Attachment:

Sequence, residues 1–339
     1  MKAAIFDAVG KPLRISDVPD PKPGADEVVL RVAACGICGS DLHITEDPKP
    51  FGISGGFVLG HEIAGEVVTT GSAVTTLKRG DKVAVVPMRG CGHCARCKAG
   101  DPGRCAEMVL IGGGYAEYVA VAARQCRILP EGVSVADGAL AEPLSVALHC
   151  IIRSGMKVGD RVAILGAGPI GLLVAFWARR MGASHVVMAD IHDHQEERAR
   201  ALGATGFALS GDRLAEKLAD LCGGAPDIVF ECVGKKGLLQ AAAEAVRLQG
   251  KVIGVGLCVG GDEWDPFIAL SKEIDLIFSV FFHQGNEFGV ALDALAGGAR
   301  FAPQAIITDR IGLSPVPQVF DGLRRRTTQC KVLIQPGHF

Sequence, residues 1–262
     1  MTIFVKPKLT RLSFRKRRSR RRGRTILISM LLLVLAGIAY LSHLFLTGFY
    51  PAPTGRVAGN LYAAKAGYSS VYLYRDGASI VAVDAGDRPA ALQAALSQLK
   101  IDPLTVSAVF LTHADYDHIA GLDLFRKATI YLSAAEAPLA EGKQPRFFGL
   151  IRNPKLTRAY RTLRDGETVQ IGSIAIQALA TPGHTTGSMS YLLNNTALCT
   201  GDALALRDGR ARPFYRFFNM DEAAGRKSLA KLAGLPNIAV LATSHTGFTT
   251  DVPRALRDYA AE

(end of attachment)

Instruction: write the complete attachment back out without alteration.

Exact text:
Sequence, residues 1–339
     1  MKAAIFDAVG KPLRISDVPD PKPGADEVVL RVAACGICGS DLHITEDPKP
    51  FGISGGFVLG HEIAGEVVTT GSAVTTLKRG DKVAVVPMRG CGHCARCKAG
   101  DPGRCAEMVL IGGGYAEYVA VAARQCRILP EGVSVADGAL AEPLSVALHC
   151  IIRSGMKVGD RVAILGAGPI GLLVAFWARR MGASHVVMAD IHDHQEERAR
   201  ALGATGFALS GDRLAEKLAD LCGGAPDIVF ECVGKKGLLQ AAAEAVRLQG
   251  KVIGVGLCVG GDEWDPFIAL SKEIDLIFSV FFHQGNEFGV ALDALAGGAR
   301  FAPQAIITDR IGLSPVPQVF DGLRRRTTQC KVLIQPGHF

Sequence, residues 1–262
     1  MTIFVKPKLT RLSFRKRRSR RRGRTILISM LLLVLAGIAY LSHLFLTGFY
    51  PAPTGRVAGN LYAAKAGYSS VYLYRDGASI VAVDAGDRPA ALQAALSQLK
   101  IDPLTVSAVF LTHADYDHIA GLDLFRKATI YLSAAEAPLA EGKQPRFFGL
   151  IRNPKLTRAY RTLRDGETVQ IGSIAIQALA TPGHTTGSMS YLLNNTALCT
   201  GDALALRDGR ARPFYRFFNM DEAAGRKSLA KLAGLPNIAV LATSHTGFTT
   251  DVPRALRDYA AE